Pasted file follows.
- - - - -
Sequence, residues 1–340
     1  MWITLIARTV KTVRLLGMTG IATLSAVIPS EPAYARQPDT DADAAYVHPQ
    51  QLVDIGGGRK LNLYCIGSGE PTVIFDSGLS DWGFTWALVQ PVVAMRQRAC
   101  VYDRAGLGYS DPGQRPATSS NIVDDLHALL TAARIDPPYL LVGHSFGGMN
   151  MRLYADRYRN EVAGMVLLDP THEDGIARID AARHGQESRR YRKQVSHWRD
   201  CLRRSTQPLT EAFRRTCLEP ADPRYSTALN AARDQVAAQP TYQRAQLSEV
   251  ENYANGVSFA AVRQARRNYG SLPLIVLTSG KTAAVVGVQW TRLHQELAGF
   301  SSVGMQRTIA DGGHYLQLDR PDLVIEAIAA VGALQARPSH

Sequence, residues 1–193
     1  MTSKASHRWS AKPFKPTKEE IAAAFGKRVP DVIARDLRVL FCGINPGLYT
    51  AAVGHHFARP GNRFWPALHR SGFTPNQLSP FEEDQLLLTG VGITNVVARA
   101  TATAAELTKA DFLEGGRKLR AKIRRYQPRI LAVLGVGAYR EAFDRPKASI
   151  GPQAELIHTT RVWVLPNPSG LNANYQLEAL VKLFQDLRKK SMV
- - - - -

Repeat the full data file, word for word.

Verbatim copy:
Sequence, residues 1–340
     1  MWITLIARTV KTVRLLGMTG IATLSAVIPS EPAYARQPDT DADAAYVHPQ
    51  QLVDIGGGRK LNLYCIGSGE PTVIFDSGLS DWGFTWALVQ PVVAMRQRAC
   101  VYDRAGLGYS DPGQRPATSS NIVDDLHALL TAARIDPPYL LVGHSFGGMN
   151  MRLYADRYRN EVAGMVLLDP THEDGIARID AARHGQESRR YRKQVSHWRD
   201  CLRRSTQPLT EAFRRTCLEP ADPRYSTALN AARDQVAAQP TYQRAQLSEV
   251  ENYANGVSFA AVRQARRNYG SLPLIVLTSG KTAAVVGVQW TRLHQELAGF
   301  SSVGMQRTIA DGGHYLQLDR PDLVIEAIAA VGALQARPSH

Sequence, residues 1–193
     1  MTSKASHRWS AKPFKPTKEE IAAAFGKRVP DVIARDLRVL FCGINPGLYT
    51  AAVGHHFARP GNRFWPALHR SGFTPNQLSP FEEDQLLLTG VGITNVVARA
   101  TATAAELTKA DFLEGGRKLR AKIRRYQPRI LAVLGVGAYR EAFDRPKASI
   151  GPQAELIHTT RVWVLPNPSG LNANYQLEAL VKLFQDLRKK SMV